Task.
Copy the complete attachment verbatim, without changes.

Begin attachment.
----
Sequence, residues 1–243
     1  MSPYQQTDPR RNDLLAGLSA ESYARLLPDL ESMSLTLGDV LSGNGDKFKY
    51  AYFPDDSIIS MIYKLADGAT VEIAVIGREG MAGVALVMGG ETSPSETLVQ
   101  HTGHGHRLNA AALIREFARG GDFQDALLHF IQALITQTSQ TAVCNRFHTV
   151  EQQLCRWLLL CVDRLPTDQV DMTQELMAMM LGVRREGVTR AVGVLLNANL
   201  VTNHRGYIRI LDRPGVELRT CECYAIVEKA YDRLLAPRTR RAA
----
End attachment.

Sequence, residues 1–243
     1  MSPYQQTDPR RNDLLAGLSA ESYARLLPDL ESMSLTLGDV LSGNGDKFKY
    51  AYFPDDSIIS MIYKLADGAT VEIAVIGREG MAGVALVMGG ETSPSETLVQ
   101  HTGHGHRLNA AALIREFARG GDFQDALLHF IQALITQTSQ TAVCNRFHTV
   151  EQQLCRWLLL CVDRLPTDQV DMTQELMAMM LGVRREGVTR AVGVLLNANL
   201  VTNHRGYIRI LDRPGVELRT CECYAIVEKA YDRLLAPRTR RAA